There are two main trends. The first trend is towards higher productivity by increasing the carrying capacity of railcars. And the second trend is for greater speed.
UWC’s Deputy CEO for Scientific and Technical Development and Head of the All-Union Research and Development Centre for Transportation Technology
Choosing between weight and speed
What trends are we seeing today on the world market for railcars?
There are two main trends. In transport of bulk goods, like coal, ore and crushed stone, the trend is towards higher productivity by increasing the carrying capacity of railcars. The USA, Australia and South Africa are designing heavyweight cars with axle loads between 32 and 40 t. At present Australia is the leader in this field – the Australians are experimenting with cars that have 40 t axle load. If these cars show good technical and economic performance, other countries with heavyweight rail freight will follow Australia’s example.
The second trend, mainly in Europe, is for greater speed. Freight car design is getting closer to that of passenger cars. Speeds of up to 120 km/h are now standard for freight trains in Europe, while countries with heavyweight traffic are still at maximum speeds of 80 km/h. Greater speed is an alternative way of making freight traffic more cost effective, and it also helps to synchronise freight and passenger operations.
Are European customers more interested in speed?
Absolutely. The greater part of rail freight in Europe is container traffic, so the main type of rolling stock is flat cars. The main efficiency indicator for that type of transport and what makes it competitive with road transport is speed.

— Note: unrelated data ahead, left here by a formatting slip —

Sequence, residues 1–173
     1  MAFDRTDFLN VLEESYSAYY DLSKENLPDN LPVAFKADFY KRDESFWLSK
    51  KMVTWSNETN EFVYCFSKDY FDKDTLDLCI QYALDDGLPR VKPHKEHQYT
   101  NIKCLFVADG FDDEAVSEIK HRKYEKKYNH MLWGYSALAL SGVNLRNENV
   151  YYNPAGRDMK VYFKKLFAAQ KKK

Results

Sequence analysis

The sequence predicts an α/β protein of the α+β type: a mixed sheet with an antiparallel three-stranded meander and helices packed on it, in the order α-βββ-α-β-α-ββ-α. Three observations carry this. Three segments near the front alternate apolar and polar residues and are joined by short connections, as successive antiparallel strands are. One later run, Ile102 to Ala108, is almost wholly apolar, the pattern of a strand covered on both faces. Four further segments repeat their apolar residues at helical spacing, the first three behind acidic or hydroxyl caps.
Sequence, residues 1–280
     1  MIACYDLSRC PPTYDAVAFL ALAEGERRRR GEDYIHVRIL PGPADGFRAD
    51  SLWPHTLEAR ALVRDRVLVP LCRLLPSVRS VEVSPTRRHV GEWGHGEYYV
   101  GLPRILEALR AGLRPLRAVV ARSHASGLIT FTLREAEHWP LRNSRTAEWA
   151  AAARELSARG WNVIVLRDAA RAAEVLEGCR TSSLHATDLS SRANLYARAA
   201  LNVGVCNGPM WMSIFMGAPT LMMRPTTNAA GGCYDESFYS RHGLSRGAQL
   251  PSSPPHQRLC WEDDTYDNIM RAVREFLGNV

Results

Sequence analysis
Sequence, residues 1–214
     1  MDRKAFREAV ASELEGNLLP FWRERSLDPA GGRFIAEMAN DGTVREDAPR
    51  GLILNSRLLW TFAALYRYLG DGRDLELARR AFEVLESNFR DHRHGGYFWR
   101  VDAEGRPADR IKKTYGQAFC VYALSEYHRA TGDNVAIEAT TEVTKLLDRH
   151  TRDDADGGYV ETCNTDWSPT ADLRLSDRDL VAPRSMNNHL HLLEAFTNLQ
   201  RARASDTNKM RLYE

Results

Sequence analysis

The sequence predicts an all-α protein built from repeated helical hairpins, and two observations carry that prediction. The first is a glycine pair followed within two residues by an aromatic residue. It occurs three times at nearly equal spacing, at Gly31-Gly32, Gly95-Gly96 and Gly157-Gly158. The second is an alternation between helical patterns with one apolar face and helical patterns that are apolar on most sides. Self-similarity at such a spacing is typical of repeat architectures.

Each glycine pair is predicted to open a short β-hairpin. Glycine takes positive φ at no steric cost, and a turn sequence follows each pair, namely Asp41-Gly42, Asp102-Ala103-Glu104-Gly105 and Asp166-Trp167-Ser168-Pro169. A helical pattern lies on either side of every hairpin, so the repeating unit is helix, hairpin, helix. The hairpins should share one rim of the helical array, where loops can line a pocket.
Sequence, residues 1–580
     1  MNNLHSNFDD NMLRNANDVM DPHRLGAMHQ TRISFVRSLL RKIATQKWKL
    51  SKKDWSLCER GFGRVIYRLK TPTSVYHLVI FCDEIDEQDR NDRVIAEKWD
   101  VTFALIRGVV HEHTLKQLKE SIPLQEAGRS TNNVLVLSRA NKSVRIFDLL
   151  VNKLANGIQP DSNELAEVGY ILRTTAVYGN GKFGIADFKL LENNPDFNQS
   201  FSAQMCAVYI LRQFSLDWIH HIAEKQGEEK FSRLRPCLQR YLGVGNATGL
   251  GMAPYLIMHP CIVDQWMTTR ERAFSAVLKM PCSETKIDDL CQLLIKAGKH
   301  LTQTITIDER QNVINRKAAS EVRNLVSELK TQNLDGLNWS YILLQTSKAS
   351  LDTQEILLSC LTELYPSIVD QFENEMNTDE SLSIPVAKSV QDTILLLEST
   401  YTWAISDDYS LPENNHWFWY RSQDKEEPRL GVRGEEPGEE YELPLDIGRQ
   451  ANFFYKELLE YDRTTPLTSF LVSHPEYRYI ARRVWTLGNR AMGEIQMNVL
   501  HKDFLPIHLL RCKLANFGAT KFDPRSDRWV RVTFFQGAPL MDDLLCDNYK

But, looking objectively, you get the impression that European railways haven’t decided yet which way they will go. Some of the cars now in service have axle load of 25 t and speeds up to 100 km/h, while others have 22.5 t loads at speeds of up to 120 km/h. It’s not clear which of these will win out and rolling stock manufacturers are building both types of cars.
There is heavyweight traffic on some limited sections of the European rail network – in places where coal or ore is transported. Sweden and Norway are increasing axle loads: the Kiruna-Narvik and Kiruna-Lulea lines, between the mine and the ports, were designed from the start for axle loads of 30 t and after three years of monitoring the load has been stepped up to 32.5 t. But that only applies to a few routes where heavy loads are usual. And they are unusual for the European network as a whole.
Would it be fair to say that in Russia we have both trends: development of heavyweight traffic for bulk cargoes and increase of speeds, particularly for container transit between Europe and Asia?
Yes, we have to address both issues. The efficiency of bulk transportation grows with increase of carrying capacity and volume of the car, but typical track construction (particularly bridges, etc.) puts limits on the extent to which axle load can be increased, and it will take a lot of time and money to modernise or replace infrastructure. To keep within regulatory limits for impact on track and bridges, axle load must not exceed 27 t. Cars with that axle load are now being used on the Sverdlovsk Railway and their impact on infrastructure is being monitored. Use of 27 t axle load on lines with limited capacity is another step towards the development of heavyweight traffic in Russia.
Mixed cargo and passenger traffic on the same tracks is a driver for equalising the speeds of cargo and passenger traffics. Cars on the latest bogies, such as the 18-9855 model (built by UWC) could travel at up to 100-105 km/h with 25 t axle load assuming that the track was in good condition. But the actual state of the track doesn’t permit speeds above 80 km/h for freight trains. So the main thing that needs to be done in order to increase speeds is to improve the infrastructure. Freight cars are ready for higher speeds today.
Heavy haul transport in Russia. Monitored operation of UWC gondola cars on bogies with axle load of 27 t
Different solutions for different markets
You said that in Europe freight car construction is getting closer to construction of passenger cars. How does that work?